Why Methods for Teaching Comprehension Strategies Change Throughout Grade Levels

May 12, 2023

Teaching Comprehension Strategies

Reading fluency and reading comprehension impact reading proficiency. While children could decode words easily, if they lack the ability to read between the lines, summarize the text or even make predictions, they might not be reading proficiently.

Phonics lessons can provide children with the fundamental skills for decoding and help children start the path to reading fluently. However, teaching comprehension strategies helps children build their analytical skills and helps them to learn to think about what they read. The methods for teaching comprehension strategies change throughout grade levels.

To read proficiently, children need to decode the word and understand the meaning of the word; each word becomes a part of a sentence, which is part of paragraph, and the paragraph is part of a page. Each page is one small piece of the book. Children are expected to grasp the meaning of the word, the sentence, the paragraph, the page and the book.

However, the comprehension abilities and expectations of a first grader are very different than the expectations of a fifth grader. Here’s why comprehension strategies evolve each year and what that means for parents who need to help their child with reading comprehension at home.

What is Reading Comprehension?

When children begin to learn how to read, teachers will focus on phonics lessons and work on helping them learn how to sound out words and decode them. Children in early elementary grades also will be required to memorize a list of sight words; these words are those that need to be identified quickly—on sight—and recognizing them allows children to increase their reading fluency.

As children start to read short and simple books and stories, teachers also need to assess if students understand what they read. Reading comprehension is the ability to understand and analyze the meaning and details of books and stories.

Young readers will be asked about the basic details related to a story; these details are typically denoted by w/h prompts or questions: who, what, where, when, why and how. Children who have a good grasp of these details should be able to summarize and provide a simple explanation for each prompt. When children struggle to apply details to these prompts, it could indicate that the child is lacking the necessary comprehension skills required to read proficiently.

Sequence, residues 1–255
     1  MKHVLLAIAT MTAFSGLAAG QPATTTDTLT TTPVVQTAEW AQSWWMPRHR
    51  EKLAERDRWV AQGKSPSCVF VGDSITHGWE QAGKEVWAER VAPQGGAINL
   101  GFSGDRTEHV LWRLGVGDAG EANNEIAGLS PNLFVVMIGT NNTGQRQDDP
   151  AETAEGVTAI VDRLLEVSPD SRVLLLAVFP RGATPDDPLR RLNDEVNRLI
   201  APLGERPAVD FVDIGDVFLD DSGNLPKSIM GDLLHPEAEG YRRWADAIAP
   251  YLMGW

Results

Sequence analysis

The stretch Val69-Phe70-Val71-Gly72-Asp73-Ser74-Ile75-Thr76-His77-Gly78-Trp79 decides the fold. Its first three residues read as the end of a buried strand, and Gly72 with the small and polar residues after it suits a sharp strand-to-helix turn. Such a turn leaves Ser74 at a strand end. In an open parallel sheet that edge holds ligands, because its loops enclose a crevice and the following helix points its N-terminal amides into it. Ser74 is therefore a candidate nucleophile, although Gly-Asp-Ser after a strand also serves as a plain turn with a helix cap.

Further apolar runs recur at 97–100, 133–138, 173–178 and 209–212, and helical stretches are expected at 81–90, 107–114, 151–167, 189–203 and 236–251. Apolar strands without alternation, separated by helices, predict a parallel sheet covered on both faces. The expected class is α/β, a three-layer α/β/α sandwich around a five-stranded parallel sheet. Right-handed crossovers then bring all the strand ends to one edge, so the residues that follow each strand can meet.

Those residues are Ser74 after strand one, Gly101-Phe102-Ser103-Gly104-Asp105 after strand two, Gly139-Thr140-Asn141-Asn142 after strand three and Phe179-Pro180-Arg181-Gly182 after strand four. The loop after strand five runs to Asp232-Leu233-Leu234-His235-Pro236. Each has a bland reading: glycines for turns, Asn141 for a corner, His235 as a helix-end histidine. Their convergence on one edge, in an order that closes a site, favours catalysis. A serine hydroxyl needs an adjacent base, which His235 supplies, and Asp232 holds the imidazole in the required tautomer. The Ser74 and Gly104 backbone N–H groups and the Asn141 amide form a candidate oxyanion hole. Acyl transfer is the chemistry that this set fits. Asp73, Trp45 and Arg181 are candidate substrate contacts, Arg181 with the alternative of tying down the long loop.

Older children (those in higher elementary grades, middle school and beyond) will be required to answer more detailed questions about the book or story. Reading comprehension expectations will progress beyond the simple w/h questions and begin to focus on abstract concepts like inferring meaning from text, comparing/contrasting characters, making predictions and more. In high school, students will analyze books and stories at a deeper level; they may apply the metaphors of a story to modern events or analyze the text and compare it to another book or novel.

Reading comprehension ability evolves as children progress in their reading journey. Thus, the methods for teaching reading comprehension strategies must evolve with these increasing expectations. Use these grade-level strategies to help students master the comprehension expectations at their level.

Kindergarten through Second Grade

Young elementary readers might not be required to delve too deep into a book or story. Instead, teachers might encourage them to focus on the w/h questions and provide details about each of the prompts. How can parents help younger children who are struggling to answer the basic questions when they read?

Chunk the Text

Chunking the text is a great reading strategy that can help struggling readers feel less overwhelmed. To chunk stories, use a piece of opaque paper or a file folder to cover up the majority of a book page; leave only a small paragraph or section uncovered. The site Ms.JordanReads also shows that a file folder can be cut into three sections (see the site for a photo) to create flaps that can be opened for children to view other sections on the page.